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Publisher's Outlook
September 2001


Nadji Tehrani

Marketing Blunders Continue
When Will They Ever Learn?


Those of you who have been reading my editorials since 1982 in this publication must know how frustrated I get when I discover marketing blunders on a daily basis all over the place! The problem is not only the fact that these blunders could be corrected, but often no one even makes an attempt to try to fix them.

In my editorial entitled, "The Sad State Of Marketing In Corporate America," I clearly pointed out that many marketing managers could not even pass an elementary marketing test in which many could not define marketing adequately. Having said that, I would now like to focus on many of the marketing blunders that are occurring on a perennial basis.

I have decided to provide a summary of some of the most common mistakes made in marketing on a case-by-case basis. As you will notice, many of these cases are probably the same experiences you have also had in the past:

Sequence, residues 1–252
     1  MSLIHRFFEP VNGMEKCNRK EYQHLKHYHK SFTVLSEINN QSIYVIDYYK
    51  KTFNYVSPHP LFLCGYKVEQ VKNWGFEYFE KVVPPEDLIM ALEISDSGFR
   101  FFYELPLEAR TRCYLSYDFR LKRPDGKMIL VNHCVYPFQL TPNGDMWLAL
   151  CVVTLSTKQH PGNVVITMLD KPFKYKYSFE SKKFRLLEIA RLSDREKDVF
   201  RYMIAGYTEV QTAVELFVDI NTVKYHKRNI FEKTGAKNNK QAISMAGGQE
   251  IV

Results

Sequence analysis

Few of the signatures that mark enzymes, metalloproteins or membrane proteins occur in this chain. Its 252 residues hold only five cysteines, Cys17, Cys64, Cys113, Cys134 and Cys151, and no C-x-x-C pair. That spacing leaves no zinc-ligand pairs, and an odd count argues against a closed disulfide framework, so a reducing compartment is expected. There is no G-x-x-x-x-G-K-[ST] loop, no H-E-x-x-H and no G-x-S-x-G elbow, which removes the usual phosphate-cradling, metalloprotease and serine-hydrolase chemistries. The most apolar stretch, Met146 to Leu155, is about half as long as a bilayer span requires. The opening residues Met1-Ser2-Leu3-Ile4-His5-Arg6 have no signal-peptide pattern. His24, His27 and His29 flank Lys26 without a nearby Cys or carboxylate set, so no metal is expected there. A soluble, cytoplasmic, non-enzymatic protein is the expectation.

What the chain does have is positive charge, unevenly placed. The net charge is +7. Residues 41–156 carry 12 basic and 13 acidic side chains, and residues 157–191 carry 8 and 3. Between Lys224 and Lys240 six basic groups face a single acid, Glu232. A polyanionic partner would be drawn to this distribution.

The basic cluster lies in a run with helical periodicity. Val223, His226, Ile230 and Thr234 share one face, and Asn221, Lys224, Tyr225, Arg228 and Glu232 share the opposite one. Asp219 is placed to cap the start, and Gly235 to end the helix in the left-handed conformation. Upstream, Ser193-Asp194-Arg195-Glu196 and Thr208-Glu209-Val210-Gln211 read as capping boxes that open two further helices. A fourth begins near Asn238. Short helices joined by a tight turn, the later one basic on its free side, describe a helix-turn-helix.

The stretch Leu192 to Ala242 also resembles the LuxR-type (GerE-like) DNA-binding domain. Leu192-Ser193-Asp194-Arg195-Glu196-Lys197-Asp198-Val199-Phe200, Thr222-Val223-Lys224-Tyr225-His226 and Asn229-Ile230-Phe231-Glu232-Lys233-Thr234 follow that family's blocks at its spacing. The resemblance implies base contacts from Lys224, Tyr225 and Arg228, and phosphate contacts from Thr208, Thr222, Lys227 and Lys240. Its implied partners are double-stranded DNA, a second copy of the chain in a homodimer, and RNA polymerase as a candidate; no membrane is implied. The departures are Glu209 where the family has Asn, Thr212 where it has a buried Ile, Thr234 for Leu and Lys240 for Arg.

The Biggest Mistake Of Them All -- Stopping all sales, marketing and advertising plans in a slowing economy. Savvy marketers know that the best time to market and expand their market share is when the economy is at or near a recession because that is the time when most other marketers (or the CEO or CFO behind those marketers) decide to cut all marketing, advertising and sales-related travel budgets. This kind of inexcusable and downright stupid action is like a doctor trying to save a patient's life, but first cutting off oxygen to the patient's lungs by sealing up his/her nostrils and taping up the mouth and wondering why the patient died! These idiots (and I am sorry, but I think they deserve to be called that) don't realize that in a down economy, a typical company loses between 50 to 75 percent of its customers due to natural attrition and due to economic forces beyond their control. The only way to remain in business, in that case, is by bringing in new business, i.e., new customers. And...new customers come from new sales leads...and new sales leads come from advertising, marketing, promotions and trade show exhibitions. This is obviously very simple, clear logic. It is as logical as two times two equals four. Yet, it is amazing that 80 to 90 percent of marketers either don't seem to realize this fact or their hands are tied by the CFO, CEO or COO or someone else in the organization who doesn't understand marketing. It's mind boggling, but that's how it is and that explains why budgets for advertising and marketing promotions have been slashed to pieces, even within companies that should know better, including some bellwether, high-tech companies. I feel as if I am speaking to a wall, but I hope these people finally get the point and start promoting their companies, products and services, because if they don't market, they don't exist.